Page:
Bone-Chilling Study Links Lower Temps to Increased Stroke Risk

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This winter’s frigid temperatures are impossible for just about anyone to bear, but new research from Yale researchers illuminates that the cold could be doing more than freezing your inner fire, it could be increasing your stroke risk. According to Forbes, Judith H. Lichtman, Associate Professor of Epidemiology at the Yale School of Public Health, presented findings last week at the International Stroke Conference that linked significant temperature changes and lower temperatures to a rise in stroke hospitalizations and deaths. Yale researchers analyzed the medical records of 134,500 people who suffered strokes between 2009 and 2011, and found that there was a noticeable correlation between larger daily temperature changes, lower average annual temperatures, and higher stroke hospitalizations and death rates.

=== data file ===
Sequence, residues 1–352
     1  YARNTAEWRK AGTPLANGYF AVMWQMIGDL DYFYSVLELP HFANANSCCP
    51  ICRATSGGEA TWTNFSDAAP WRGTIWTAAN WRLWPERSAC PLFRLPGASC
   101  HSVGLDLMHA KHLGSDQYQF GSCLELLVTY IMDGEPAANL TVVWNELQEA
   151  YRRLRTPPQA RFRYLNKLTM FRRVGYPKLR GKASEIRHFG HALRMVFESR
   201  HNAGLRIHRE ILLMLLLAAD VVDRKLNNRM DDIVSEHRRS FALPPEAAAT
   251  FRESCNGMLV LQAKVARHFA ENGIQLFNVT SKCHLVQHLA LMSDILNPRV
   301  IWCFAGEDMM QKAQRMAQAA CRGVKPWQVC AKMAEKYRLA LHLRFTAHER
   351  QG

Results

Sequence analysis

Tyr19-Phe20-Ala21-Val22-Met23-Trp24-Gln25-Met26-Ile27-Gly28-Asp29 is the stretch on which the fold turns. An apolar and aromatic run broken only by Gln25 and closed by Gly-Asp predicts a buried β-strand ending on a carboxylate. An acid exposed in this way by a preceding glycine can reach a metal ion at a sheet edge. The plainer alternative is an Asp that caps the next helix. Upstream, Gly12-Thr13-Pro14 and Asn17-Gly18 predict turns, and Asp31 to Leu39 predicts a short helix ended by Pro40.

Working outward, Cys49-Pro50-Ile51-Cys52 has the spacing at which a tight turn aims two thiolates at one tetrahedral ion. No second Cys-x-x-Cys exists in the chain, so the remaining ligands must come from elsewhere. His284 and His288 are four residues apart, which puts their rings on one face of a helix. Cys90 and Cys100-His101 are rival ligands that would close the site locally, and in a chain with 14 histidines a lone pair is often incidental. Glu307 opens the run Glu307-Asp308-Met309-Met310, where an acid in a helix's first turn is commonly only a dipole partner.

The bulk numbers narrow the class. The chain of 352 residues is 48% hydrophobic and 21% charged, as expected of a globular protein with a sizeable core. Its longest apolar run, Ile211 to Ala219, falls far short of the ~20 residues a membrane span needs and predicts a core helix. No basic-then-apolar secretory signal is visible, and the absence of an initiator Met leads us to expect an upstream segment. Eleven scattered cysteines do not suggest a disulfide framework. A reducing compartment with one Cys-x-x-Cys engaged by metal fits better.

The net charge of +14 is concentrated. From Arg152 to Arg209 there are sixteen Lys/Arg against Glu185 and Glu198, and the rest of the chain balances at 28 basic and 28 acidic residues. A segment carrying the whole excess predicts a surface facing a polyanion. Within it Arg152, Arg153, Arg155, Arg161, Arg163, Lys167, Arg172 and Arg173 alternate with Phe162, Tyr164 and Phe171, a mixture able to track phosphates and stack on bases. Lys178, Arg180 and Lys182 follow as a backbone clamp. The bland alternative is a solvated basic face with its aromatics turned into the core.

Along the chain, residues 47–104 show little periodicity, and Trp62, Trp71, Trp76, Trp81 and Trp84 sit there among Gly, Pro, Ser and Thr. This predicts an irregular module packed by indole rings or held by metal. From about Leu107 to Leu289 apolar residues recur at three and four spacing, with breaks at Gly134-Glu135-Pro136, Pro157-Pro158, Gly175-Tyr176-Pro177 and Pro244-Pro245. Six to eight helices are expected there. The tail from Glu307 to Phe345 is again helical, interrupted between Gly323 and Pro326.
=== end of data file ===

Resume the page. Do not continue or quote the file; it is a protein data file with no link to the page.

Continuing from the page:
Forbes reported that according to Litchman’s cross reference of medical records and weather data, researchers found that larger daily temperature changes and higher humidity were associated with an increase in stroke hospitalizations. Lower average annual temperatures correlated both with more stroke hospitalizations and with higher stroke death rates. With each average temperature increase of 1 degree Fahrenheit, the chance of being hospitalized for a stroke dropped by 0.86 percent, and the chance of dying from it dropped by 1.1 percent.

Those are heavy numbers, especially for this winter, when Americans all over the country are experiencing record-breaking low temperatures. Though American Stroke Association representative Daniel Lackland maintains that the research is “very, very preliminary,” he still recognizes that, “This is a very timely and interesting paper given the kinds of changes in temperature we’re seeing,” according to Forbes.

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